The former owners of Victoria Hotel in Garapan are appealing to the CNMI Supreme Court the Superior Court’s dismissal of their lawsuit against a Guam bank, from whom they borrowed $1.8 million for the construction of the hotel but they now accuse of not having obtained a full-service banking license in the Commonwealth
Edward L.G. Lizama, as personal representative of former Victoria Hotel owners—the estate of Jesus T. Lizama, Victoria L.G. Lizama, and J&JEV Enterprises Inc.—have notified the Superior Court about their appeal.
The appellants, through counsel Juan T. Lizama, is asking the Supreme Court to reverse Superior Court Associate Judge Joseph N. Camacho’s dismissal of the case last June 14.
In a 23-page decision, Camacho dismissed the lawsuit filed by the former hotel owners, saying the plaintiffs’ claims against ANZ Guam Inc. are based on the same three issues that were finally decided in the U.S. District Court for the NMI action.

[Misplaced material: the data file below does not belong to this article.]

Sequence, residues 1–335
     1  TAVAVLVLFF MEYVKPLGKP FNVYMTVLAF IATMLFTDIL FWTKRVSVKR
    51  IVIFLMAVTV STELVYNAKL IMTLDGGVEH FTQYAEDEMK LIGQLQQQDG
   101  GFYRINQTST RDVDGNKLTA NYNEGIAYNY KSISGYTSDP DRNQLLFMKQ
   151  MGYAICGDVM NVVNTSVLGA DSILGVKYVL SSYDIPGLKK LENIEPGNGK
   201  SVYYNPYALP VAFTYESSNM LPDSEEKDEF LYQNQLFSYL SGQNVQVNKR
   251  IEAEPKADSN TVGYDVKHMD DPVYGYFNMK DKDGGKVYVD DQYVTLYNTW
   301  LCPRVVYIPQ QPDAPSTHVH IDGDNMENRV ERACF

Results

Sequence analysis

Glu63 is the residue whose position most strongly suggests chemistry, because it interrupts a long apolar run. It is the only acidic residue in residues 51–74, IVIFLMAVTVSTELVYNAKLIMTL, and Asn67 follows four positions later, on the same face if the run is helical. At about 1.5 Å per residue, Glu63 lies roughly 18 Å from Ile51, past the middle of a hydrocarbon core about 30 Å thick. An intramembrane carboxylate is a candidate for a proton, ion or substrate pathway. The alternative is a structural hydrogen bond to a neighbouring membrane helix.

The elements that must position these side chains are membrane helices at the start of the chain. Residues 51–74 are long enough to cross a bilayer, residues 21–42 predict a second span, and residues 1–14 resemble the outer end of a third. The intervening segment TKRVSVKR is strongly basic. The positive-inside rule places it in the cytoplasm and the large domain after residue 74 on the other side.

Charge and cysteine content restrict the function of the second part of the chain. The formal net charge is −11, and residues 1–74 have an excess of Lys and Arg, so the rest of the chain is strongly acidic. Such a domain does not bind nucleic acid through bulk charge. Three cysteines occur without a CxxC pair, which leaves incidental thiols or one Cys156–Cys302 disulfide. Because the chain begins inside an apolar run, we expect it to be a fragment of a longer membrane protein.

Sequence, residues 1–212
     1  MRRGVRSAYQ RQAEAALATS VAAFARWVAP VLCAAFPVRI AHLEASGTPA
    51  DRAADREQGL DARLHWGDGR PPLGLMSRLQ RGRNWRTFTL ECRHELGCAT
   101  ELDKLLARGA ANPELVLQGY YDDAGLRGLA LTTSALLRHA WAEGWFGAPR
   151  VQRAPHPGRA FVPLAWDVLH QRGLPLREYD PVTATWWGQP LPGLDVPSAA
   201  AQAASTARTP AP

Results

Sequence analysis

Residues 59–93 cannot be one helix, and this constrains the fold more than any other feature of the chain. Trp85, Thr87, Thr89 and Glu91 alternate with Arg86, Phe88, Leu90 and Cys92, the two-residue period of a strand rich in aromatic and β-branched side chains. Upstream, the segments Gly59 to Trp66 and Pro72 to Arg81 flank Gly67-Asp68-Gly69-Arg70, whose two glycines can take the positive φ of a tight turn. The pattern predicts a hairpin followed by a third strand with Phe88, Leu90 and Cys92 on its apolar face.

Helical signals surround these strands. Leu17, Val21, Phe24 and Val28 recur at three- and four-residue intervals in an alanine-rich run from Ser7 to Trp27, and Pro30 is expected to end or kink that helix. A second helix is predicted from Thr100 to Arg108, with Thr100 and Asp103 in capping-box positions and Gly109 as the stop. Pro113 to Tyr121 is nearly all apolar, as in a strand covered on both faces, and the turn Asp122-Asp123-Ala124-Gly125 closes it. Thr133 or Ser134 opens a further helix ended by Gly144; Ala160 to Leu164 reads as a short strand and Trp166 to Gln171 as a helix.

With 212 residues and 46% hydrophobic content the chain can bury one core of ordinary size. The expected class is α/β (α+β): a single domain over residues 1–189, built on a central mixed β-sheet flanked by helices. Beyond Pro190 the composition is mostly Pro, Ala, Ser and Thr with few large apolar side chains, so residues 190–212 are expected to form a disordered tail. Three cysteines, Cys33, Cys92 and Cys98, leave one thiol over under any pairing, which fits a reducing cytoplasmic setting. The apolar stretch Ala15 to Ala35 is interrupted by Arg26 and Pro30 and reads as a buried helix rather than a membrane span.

ANZ Guam is formerly known as Citizens Security (Guam) Inc.
Camacho said the District Court’s previous decision was final and on the merits.
According to court records, the plaintiffs sued ANZ Guam Inc. in the Superior Court last Aug. 22, alleging a violation of the Commonwealth Consumer Protection Act, wrongful foreclosure under the Commonwealth Debt Collection Act, and breach of contract.
In 1997, defendant ANZ made a $1.8-million loan to plaintiffs and took a mortgage over real property in the CNMI to secure the debt—up to 70 percent of which was guaranteed by the U.S. Department of Agriculture.
Plaintiffs defaulted under the loan documents. ANZ then filed a lawsuit in June 2000 for foreclosure in the Superior Court against plaintiffs.